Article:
For many years, Ohio spent a lot of money procuring its solid waste removal services directly from local haulers, one pickup location at a time. With 88 counties, more than 600 locations with approximately 2,000 waste containers and over 31,000 annual waste pickups, the State of Ohio realized it needed to come up with a more cost-efficient way to manage its waste and recycling services.
In 2013, the Ohio Department of Administrative Services (ODAS) began discussing a unifying its efforts to better manage the waste and recycling needs for the entire state. The goals included reduced costs, increased service reliability and the ability to collect useful data to make informed decisions in the future. ODAS decided that the best way to implement these efforts would be to go through a third-party service provider. After much consideration, ODAS selected Ohio-based manage service provider Elytus Ltd. as its MSA.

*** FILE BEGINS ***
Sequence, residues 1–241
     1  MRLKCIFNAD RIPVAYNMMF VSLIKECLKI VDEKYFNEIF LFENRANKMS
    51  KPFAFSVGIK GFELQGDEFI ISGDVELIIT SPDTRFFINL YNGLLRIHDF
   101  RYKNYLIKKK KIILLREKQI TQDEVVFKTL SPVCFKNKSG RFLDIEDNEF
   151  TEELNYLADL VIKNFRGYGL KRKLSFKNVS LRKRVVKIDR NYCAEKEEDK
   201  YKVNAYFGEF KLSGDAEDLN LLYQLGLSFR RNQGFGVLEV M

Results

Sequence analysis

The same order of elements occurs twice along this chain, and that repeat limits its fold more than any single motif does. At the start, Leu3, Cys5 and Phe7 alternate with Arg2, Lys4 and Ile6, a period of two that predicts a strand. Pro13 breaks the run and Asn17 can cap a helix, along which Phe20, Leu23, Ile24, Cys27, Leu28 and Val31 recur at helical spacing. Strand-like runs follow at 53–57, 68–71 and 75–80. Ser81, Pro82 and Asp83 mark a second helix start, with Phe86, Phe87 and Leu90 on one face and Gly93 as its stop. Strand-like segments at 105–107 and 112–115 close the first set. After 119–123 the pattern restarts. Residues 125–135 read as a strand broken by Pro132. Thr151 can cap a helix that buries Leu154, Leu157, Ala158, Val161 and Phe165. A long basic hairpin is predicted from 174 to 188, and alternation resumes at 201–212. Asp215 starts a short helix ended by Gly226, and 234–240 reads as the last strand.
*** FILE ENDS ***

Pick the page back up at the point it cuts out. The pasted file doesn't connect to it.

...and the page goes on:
“Elytus pledged to preserve the talent of our people, resources of our environment and the dollars in our budget,” said Ohio Department of Administrative Services Assistant Director Randall Howard in his article “Managing Solid Waste Services Saves Ohio a Landfill Full of Cash,” which ran in Government Procurement magazine, which is owned by Penton, the parent company of Waste360. “Selection filters for identifying available and appropriate waste haulers were also structured to assure that local and small companies could compete effectively with the large, national companies.”
Elytus originally supplied its web-based platform WINstream to brokers and national accounts before phasing that process out and going directly to the end users. WINstream was created to help industries like the State of Ohio and large chains manage their waste and recycling programs, from procurement to payment.
“This platform was something we implemented in early 2015 for the State of Ohio that they never had before,” says Elytus President Matthew Hollis. “We were in the top five in the Cronin Awards, and this is the first time a system like this has ever been implemented in a state government.”